Teachers are planning more deliberately for students’ learning needs and reviewing students' achievement and progress. Teachers now need to embed these processes and improve their understanding of learning matrices and progressions. This should support teachers to plan and implement next steps for students’ learning more effectively.

Developing effective, reciprocal learning relationships with parents and families is a key next step for teachers, especially for those students at risk of poor educational outcomes.

Improved processes have been introduced for regular and meaningful reporting to the board about student achievement. An action plan has been developed for monitoring and reporting of achievement. This is supported by templates for reporting on the progress of targeted students.

These developments are providing regular opportunities for assessment and reporting in relation to goals. Staff and trustees should ensure these systems continue to be developed, implemented and evaluated to ensure students’ progress is adequately promoted and monitored.

Teachers have worked with other schools and external providers to increase their understanding about making overall judgments about students' achievement in relation to the National Standards and Ngā Whanaketanga. Further work is needed to ensure teachers’ judgments are dependable and well supported by appropriate evidence.

The school is beginning to implement aspects of its plan to use the Ministry of Education Progress and Achievement Tool (PACT) to develop shared understanding and promote teachers' robust and consistent assessment practice.

Curriculum development

A school mural has been developed with the help of a local artist. This effectively represents significant tipuna, stories and locations related to local iwi and history. It should be a useful springboard for development, implementation and evaluation of the effectiveness of the school's curriculum in promoting students’ sense of belonging, culture, language and identities as they learn.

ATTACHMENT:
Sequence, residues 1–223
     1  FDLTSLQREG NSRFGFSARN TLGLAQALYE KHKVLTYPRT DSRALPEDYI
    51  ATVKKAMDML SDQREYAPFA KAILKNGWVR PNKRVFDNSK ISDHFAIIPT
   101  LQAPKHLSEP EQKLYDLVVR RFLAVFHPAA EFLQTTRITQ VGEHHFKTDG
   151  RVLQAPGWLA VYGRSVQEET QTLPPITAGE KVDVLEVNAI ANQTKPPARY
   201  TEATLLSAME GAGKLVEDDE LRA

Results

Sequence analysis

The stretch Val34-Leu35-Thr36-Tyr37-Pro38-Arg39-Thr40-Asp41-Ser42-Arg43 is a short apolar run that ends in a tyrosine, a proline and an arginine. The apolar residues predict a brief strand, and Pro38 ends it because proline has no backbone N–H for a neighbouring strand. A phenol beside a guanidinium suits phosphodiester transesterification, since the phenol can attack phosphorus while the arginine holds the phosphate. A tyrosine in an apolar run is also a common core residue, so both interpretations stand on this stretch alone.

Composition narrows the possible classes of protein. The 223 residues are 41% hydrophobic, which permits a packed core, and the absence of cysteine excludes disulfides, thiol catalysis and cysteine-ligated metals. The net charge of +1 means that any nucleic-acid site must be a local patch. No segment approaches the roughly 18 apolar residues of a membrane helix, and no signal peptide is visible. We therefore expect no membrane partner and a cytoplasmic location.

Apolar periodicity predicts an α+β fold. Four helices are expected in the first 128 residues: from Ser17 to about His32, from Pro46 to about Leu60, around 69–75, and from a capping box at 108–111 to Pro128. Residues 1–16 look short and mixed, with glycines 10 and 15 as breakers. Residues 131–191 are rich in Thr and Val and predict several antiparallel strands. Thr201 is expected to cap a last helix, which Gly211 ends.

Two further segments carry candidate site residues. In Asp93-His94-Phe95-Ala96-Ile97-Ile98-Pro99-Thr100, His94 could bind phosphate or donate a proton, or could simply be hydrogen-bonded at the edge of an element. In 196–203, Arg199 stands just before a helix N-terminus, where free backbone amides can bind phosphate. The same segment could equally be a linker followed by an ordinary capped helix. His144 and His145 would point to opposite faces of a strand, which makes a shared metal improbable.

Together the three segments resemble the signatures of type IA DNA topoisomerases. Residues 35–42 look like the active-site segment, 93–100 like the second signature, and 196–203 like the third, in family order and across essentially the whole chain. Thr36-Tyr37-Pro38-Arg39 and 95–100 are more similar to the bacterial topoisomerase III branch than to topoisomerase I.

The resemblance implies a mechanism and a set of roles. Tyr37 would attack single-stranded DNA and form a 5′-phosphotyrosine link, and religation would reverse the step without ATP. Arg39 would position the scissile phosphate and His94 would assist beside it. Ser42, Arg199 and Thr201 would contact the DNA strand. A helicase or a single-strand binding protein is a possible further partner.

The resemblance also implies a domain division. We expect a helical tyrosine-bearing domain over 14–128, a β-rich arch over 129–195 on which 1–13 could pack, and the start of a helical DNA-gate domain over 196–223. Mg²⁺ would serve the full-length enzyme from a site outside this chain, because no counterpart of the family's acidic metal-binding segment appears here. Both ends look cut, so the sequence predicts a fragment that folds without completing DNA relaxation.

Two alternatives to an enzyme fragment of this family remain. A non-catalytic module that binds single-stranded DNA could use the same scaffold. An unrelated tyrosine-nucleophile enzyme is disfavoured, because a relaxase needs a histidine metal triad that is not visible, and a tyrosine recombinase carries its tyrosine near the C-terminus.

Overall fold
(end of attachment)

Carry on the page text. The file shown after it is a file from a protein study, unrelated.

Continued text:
External support has been accessed to develop a school curriculum document. This includes important elements aligned to the NZC and local kaupapa Māori. Consultation with parents and the wider community about the curriculum document has occurred. Teachers and the board have reviewed the responses.

Further development of the curriculum documents should now ensure that they include:

  • specific and useful guidance for teaching and learning
  • sufficient opportunities for learning in core learning areas
  • how local resources and educational opportunities will be used to enrich learning
  • more deliberate provision for students’ learning progression and career pathways.

3 Sustainable performance and self review

How well placed is the school to sustain and continue to improve and review its performance?

The school is not yet sufficiently well placed to sustain or continue to improve and review its performance.

There are elements of progress, but this is not yet coherent, aligned or embedded. The principal and trustees still have significant work to do to ensure the school provides effectively for its students and families.

There is a shared school vision for students to be successful academically and as Māori. Whānau and the school community demonstrate a strong commitment to participating in school life and promoting the success of the school. An important next step for ongoing improvement is to establish systems for communication and input from families for setting direction, decision-making and evaluation of effectiveness.

Teachers know students and their families well. They are caring and supportive of students. Recent discussion of school values contributes to a positive school tone. Students are focused on their learning. They demonstrate a sense of pride and belonging in the school. They develop positive relationships and support each other as they learn.